Three x ten to the tenth cm/sec: It’s not just a good idea. It’s the Law.

The first FTL-neutrino joke.

The latest report from CERN is almost certainly wrong. (See headline.)

Still, imagine if it turned out to be right …

We don’t allow neutrinos in here, said the bartender.

A faster-than-light neutrino walks into a bar.

Author: Mark Kleiman

Professor of Public Policy at the NYU Marron Institute for Urban Management and editor of the Journal of Drug Policy Analysis. Teaches about the methods of policy analysis about drug abuse control and crime control policy, working out the implications of two principles: that swift and certain sanctions don't have to be severe to be effective, and that well-designed threats usually don't have to be carried out. Books: Drugs and Drug Policy: What Everyone Needs to Know (with Jonathan Caulkins and Angela Hawken) When Brute Force Fails: How to Have Less Crime and Less Punishment (Princeton, 2009; named one of the "books of the year" by The Economist Against Excess: Drug Policy for Results (Basic, 1993) Marijuana: Costs of Abuse, Costs of Control (Greenwood, 1989) UCLA Homepage Curriculum Vitae Contact:

17 thoughts on “Three x ten to the tenth cm/sec: It’s not just a good idea. It’s the Law.”

  1. I’m not sure what is wrong with the report, physicists found something they couldn’t explain with 6 months of work and then announced that they have results that even they themselves are skeptical of. Neutrinos are tricky b*stards, I’m excited for what new (non time travel) physics comes from this.

  2. The odds are still heavily in favor of experimental error. Though the pretty much uniform consensus is that they did everything known to control for such errors. As Finn said, neutrinos are slippery.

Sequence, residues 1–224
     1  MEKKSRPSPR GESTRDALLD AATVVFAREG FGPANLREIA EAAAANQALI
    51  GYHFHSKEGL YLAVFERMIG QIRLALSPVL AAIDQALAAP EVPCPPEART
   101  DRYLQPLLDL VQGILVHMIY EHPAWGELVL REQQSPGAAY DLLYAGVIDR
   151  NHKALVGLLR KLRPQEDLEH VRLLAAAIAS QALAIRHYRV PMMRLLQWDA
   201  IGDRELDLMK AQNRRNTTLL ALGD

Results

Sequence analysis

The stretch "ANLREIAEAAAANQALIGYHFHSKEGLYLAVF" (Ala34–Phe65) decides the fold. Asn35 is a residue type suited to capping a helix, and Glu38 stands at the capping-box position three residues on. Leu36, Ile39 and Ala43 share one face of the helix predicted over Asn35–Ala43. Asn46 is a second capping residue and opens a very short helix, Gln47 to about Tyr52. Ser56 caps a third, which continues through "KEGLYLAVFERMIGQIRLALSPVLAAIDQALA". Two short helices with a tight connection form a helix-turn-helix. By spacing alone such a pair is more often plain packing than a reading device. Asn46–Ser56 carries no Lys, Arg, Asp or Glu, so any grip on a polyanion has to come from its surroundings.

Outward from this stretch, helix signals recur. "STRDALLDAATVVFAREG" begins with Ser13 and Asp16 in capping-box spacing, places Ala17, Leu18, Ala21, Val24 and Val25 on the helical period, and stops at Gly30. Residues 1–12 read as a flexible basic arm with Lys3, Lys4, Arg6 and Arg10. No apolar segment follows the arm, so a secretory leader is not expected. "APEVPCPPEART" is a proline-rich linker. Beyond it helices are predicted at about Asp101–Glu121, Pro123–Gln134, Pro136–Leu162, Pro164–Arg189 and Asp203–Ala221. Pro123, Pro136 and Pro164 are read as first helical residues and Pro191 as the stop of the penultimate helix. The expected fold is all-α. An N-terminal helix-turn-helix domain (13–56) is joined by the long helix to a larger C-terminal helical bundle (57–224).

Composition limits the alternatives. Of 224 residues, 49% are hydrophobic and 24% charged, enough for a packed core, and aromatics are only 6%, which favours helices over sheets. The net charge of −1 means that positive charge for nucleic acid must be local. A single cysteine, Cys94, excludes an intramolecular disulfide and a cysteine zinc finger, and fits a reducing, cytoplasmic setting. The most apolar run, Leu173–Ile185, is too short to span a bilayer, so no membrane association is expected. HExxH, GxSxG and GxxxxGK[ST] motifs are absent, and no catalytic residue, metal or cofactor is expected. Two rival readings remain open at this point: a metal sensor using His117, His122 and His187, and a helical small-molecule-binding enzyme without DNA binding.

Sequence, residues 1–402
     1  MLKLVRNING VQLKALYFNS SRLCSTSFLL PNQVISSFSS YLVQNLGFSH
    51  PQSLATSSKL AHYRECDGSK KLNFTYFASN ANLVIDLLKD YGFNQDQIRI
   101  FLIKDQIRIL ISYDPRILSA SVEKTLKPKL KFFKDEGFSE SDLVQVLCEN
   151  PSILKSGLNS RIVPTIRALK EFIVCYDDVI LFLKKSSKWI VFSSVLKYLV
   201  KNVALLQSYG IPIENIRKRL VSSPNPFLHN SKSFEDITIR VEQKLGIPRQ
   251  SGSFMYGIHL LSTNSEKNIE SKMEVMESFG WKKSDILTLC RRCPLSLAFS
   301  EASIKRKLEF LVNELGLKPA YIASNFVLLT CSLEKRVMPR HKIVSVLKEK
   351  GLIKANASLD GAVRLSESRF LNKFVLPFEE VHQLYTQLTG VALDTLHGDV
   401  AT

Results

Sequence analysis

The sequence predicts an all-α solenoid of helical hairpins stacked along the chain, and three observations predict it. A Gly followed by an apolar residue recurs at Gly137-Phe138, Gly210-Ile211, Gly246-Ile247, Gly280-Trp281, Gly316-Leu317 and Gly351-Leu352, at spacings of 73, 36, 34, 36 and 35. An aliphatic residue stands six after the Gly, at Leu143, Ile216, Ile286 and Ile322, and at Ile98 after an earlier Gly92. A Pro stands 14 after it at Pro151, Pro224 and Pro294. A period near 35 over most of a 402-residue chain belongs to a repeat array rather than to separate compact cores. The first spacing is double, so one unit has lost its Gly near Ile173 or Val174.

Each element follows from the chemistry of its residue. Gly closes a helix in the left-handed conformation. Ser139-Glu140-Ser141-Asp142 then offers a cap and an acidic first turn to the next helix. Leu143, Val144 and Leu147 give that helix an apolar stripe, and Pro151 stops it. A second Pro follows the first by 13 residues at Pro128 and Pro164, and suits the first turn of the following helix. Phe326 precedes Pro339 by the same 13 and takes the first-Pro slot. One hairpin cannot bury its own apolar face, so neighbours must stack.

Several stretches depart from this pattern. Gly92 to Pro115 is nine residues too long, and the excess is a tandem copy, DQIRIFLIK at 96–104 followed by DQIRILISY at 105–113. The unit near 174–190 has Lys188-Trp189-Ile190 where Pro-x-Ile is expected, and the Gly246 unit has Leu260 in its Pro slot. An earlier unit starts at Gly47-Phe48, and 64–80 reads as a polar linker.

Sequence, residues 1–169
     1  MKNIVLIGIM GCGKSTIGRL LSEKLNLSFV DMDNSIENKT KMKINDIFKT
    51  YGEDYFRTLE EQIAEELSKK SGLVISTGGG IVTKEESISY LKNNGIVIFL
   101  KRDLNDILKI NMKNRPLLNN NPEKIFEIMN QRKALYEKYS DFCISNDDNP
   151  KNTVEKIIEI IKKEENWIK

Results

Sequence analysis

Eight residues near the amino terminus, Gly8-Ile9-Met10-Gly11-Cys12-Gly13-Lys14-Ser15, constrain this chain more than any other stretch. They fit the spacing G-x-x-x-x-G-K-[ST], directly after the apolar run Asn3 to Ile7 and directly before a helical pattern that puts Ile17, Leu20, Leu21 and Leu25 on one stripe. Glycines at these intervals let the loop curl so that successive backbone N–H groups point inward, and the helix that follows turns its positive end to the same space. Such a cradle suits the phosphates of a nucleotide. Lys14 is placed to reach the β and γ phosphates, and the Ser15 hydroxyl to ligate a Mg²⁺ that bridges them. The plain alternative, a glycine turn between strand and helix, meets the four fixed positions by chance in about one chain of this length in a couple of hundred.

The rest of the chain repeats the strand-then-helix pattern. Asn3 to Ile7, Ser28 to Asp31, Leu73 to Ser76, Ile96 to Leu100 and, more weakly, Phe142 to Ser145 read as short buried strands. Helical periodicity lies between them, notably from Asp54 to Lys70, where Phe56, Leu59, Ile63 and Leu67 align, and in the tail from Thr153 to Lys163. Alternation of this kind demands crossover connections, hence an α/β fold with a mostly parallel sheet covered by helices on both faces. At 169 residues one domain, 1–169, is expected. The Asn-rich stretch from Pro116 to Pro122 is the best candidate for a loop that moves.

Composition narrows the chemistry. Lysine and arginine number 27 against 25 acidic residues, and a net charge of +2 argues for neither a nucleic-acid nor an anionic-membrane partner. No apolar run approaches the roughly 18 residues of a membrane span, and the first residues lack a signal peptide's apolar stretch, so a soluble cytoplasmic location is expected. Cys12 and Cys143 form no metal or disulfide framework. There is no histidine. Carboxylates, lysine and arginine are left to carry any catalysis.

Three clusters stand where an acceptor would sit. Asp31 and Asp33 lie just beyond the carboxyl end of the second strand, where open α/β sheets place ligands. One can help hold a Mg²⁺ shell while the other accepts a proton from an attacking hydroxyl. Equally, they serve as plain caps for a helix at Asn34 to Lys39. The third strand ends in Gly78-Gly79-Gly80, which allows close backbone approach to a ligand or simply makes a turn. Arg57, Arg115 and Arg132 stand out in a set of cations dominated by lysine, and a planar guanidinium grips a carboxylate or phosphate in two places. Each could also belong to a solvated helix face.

3. Tony: yes, I do love that poem, and they do have mass. That was the result from the early 2000s, with the solar neutrino mystery. Flavor-changing neutrinos, from electron neutrinos to muon neutrinos, in transit, couldconly happen if they have mass. So thte mass is super small, like order eV, but not zero. I think.

    Blake: how cam we really assign odds to whether a new result will pan out? Past experience? The weight of evidence? I don’t propose total uncertainty about whether we know things, but this is a new result. It will be confirmed, or the result will not be reproduced. I think xkcd notwithstanding, odds are not so heavily stacked as that. We have theoretical reason to think c is it. And, we have never clocked neutrinos before. Yes, as Phil Plait pointed out, the supernova neutrinos arrived in the time predicted. Which was still before the light arrived, due to photons having to work their way out of the center of the collapse. Hm. Was that predicted, or do we just have a model that gives that, after the fact? Hm…. That’s interesting.

  4. For the life of me I can’t imagine how it is possible to observe a single
    subatomic particle (particularly one wihtout mass or charge) or measure a timeframe as minute as a nanosecond.
    But of course Einstein didn’t say it was impossible for matter to travel at the speed of light, just that it would require an infinite amout of energy to do it. He also said that the universe can’t be infinite because infinite mass would cause it to collapse into a point. So no infinite universe, no infinite energy, no matter travling at the speed of light. But maybe neutrinos got a better lawyer.

  5. Anomalous: I routinely measure times in the nanoseconds every day at work. Modern commercial oscilloscopes can resolve picoseconds.

  6. No, it’s about the notion that FTL travel means moving backward in time.

    Thanks Mark. I did understand that. It just seemed to me that the sequence of events could occur as follows (in non-neutrino time):

    Bartender speaks.
    Neutrino enters.
    Neutrino hears.

    (Yes. Few things are dumber than questioning the premises of a joke.)

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